March 2017

2017 Block of the Month - Irish Chain Alternate Blocks

 by thequiltingpatch on 26 Mar 2017 |
1 Comment(s)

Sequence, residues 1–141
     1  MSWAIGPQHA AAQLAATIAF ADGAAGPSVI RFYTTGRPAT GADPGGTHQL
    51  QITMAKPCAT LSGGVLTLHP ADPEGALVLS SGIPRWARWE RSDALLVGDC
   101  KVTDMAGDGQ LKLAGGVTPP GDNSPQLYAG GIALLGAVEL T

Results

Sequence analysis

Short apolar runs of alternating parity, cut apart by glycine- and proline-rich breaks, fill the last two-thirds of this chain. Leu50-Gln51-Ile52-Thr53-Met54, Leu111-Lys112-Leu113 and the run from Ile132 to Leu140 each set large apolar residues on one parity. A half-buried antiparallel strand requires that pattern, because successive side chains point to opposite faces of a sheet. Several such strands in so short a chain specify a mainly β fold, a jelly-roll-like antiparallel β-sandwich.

Here we go! The block youve all been waiting for... I know these blocks as Irish chains, but I think that only one of them is REALLY Irish and the rest are variations.   Ours is called "Alabama Variation", and here are some pics of others, so you can see what theyre all about. Although these three chain blocks are different, they will all have a similar effect in your quilt design as an alternate block, creating diagonal lines through your quilt top. If you have sampler blocks like we do, the chain helps to create balance and unity to the quilt design. Now I know what youre all thinking... Look at all those little squares and strips. But take heart, we are going to make this block the easy way.  Instead of cutting squares, we will be cutting strips, sewing strips and then cutting again. For you newbies, this is usually called strip piecing. It saves a lot of time. If you havent done it before, dont stress, its actually much easier than sewing all those squares and strips together. And once you "get it" youll start looking at your other patchwork projects to see how you can apply it to them! I suggest you make a cuppa and have a read to the end if this process is new to you.  I think it helps to take a good look at how this block is made up, to see where the potential " strip sets" are.  Ok so the first pic is our block. The second pic shows the outer strips sets ( we are going to call those the B sets) The third pic shows the midde strips sets ( we are going to call those the C sets) The last pic shows the inner strips sets ( we are going to call those A sets) There is one more potential strip set available to us in this block. It is the centre square and the neighbouring strips either side of it.   However, if you are fussy cutting this fabric because of the print, or using smaller ( not width of fabric) pieces than you can just piece this the regular way. (FYI I only had fat quarters of the fabric I chose for the centre square so I decided Id just cut mine into squares and not bother with the strip piecing method for this section.) Here are the measurements for the strip sets and photos of mine. B Strip set  (2 x)  2" x WOF strips (1x)  9 1/2" x WOF strip - background fabric C Strip set (2 x)  2" x WOF strips (1x)  6 1/2" x WOF strip - background fabric A Strip set (2 x)  2" x WOF strips (1x)  3 1/2" x WOF strip - background fabric And this is what a strip set looks like sewn together, and pressed.The black is my background fabric. (And YES I do have to apologise, because I've changed my mind on my fabric colours and am making my squares red instead of lime green. Sorry if that is confusing!) So you can see I have simply sewn the 2" strips either side of my black background strip. You need to repeat this for the 3 strips sets. And here you can see my strip sets on the ironing board ready to cut up.  Now that they are made and pressed, they are ready to slice into 2" segments.  At this point, if you've never done this before you may be having a little "AHA!" moment. Hopefully you are also thinking about how long it would have taken to make this block had you cut all the pieces into strips and square and sewn them together individually.  Ok so when youve cut up all three strip sets, you'll have piles of these units made So thats the strip sets done and dusted. Put them aside, now and lets get cutting the other parts of this block.  In this picture the grey defines the three remaining strips that we need to cut.   We also need to cut the centre square, and as we talked about this might be fussy cut if you have such a suitabe fabric.  Ok so the cutting for the centre square is easy. They are 3 1/2" squares, and youll need 12 of them. The rest are cut from your background fabric and are as follows A   3 1/2" x 2" ( cut a 3 1/2" strip and then crosscut it) B   9 1/2"  x 2"  ( cut a 9 1/2" strip and then crosscut it) C   6 1/2" x 2"  ( cut a 6 1/2" strip and then crosscut it) Once youve cut these you have everything you need to make this block.  BUT you wont have enough of them to make all 12 blocks.  As most fabric is roughly 40" wide, youre going to get 20 units when you cut it all into 2" segments.  Each strip or strip set unit is used twice in each block, so we are going to need 24 of each piece.  The best way is to cut 2 more background fabric strips- one at 9 1/2", the other at 3 1/2". They are both WOF. Cut the 9 1/2" strip in half crossways so you have two 9 1/2" x 21"( approx )  Use ONE of those 9 1/2" strips  - cut (4) 2" segments off and add to your B piles of background strips. Now use whats left of that strip ( which will now measure approx 9 1/2 x 13") to make a Strip Set as we did earlier in this lesson. Cut the strip set into 2" segments and add those to your piles of 9 1/2" strip set units.  PHEW!  You should still have a 9 1/2" x 21" strip left. Cut it down so it measures 6 1/2" x 21".  Pretty much it just a repeat now of what you did with the first half of the 9 1/2" strip, except now you are topping up your 6 1/2" piles.  The 3 1/2" strip gets the same treatment, using half for strips and half for strip sets. By now I think we all need a cuppa and a biscuit. Or a wine. But not too much because we are going to get sewing next. When you are ready to sew... This is the easy bit, and a little repetitive. My top tip is to press your seams out towards the block edges, not towards the centre. You should be pressing after each edge is joined. Keep to pressing, try not to squeeze the life out of your fabric with the iron, or your block will warp.  Start with the centre square ( 3 1/2") , adding the two smallest strips to each side( the A strips).  (Please excuse the washed out pics, my sewing machine light was on !!) Now add the smallest strip set ( the A strip set)  to the top and bottom Next we add the C strips to the sides And you guessed it the C strip set is next. Ok I think you have got this. just keep adding the plain strips to the sides and the strip sets to the top and bottom. Dont forget pinning the seams is the best way to get them to line up - and the pressing directions will help that too.  You should end up with something like this. Now make 12 more lol. As always feel free to email me at if you have any questions, or throw a question in the comments box below.  Please forgive me if we take a day or so to get back to you, we are at product launch stage with our EPP templates and that is sucking all the time out of my day!